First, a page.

Beware of the Burger: Eating More Meat Linked to Blood Sugar Imbalances and Liver Disease | meat | metabolic disorder | liver

However, as Americans eat more animal protein than ever before, researchers in Israel suggest in a new study that the increased meat consumption may lead to chronic conditions that had not been reported previously.

Specifically, the study, published in the Journal of Hepatology, suggests high consumption of red and processed meats, including sausage and hot dogs, may lead to nonalcoholic fatty liver disease (NAFLD) and insulin resistance.

Previous studies have connected high consumption of red meat and processed meat with several other chronic conditions, including cancerType 2 diabetes, and cardiovascular disease. The new study is the first to connect the popular protein choices with these metabolic conditions.

High consumption of red and processed meats, including sausage and hot dogs, may lead to nonalcoholic fatty liver disease (NAFLD) and insulin resistance.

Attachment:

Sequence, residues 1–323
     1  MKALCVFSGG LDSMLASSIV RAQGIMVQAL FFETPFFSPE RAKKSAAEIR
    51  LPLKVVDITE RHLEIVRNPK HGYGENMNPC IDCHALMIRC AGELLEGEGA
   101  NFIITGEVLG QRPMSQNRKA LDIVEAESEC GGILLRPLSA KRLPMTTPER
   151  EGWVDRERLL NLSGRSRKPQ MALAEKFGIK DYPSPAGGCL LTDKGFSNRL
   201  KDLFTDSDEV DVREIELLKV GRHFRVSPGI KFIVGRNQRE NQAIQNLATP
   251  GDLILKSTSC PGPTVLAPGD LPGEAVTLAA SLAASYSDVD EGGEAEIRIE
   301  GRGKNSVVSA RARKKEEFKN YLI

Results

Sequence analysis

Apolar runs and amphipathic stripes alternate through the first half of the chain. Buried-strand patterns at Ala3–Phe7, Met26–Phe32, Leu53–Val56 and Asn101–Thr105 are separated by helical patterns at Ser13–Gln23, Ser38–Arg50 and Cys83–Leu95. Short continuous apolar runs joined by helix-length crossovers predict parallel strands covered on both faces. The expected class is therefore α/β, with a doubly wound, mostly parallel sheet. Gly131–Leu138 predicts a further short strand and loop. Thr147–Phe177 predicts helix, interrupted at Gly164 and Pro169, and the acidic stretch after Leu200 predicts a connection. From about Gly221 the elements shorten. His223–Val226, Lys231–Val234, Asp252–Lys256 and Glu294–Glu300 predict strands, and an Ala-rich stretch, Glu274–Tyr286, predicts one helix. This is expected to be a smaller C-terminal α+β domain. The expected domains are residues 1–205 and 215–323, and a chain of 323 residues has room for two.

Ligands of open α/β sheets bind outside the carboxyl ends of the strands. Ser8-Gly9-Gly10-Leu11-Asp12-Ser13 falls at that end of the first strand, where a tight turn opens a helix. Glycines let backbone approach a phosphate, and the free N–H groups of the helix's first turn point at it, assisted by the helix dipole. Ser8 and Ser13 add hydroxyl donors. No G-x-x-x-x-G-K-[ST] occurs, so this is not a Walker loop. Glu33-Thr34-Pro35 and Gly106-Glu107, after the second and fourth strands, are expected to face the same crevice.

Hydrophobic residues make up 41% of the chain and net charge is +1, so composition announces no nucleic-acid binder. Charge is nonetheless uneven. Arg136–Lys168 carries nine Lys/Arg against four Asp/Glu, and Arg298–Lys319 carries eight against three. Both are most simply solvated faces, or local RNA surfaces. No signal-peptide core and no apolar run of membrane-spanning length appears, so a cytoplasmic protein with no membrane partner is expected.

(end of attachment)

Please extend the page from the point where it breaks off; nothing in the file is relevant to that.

“Unhealthy Western lifestyle plays a major role in the development progression of NAFLD, namely, lack of physical activity and high consumption of fructose and saturated fat,” Shira Zelber-Sagi, the study’s lead researcher, said in a statement. “Our study looked at other common foods in the Western diet, namely red and processed meats, to determine whether they increase the risk for NAFLD.”

Zelber-Sagi and her colleagues recruited 357 people between the ages of 40 and 70 for their study. Each participant underwent several screenings and studies, including a colonoscopy. Participants were also asked to keep a food diary to measure meat consumption details.

At the end of the two-year study, 38.7 percent of participants were diagnosed with NAFLD, and 30.5 percent were diagnosed with insulin resistance.

The food journals revealed that in general, people ate more white meat than red meat.

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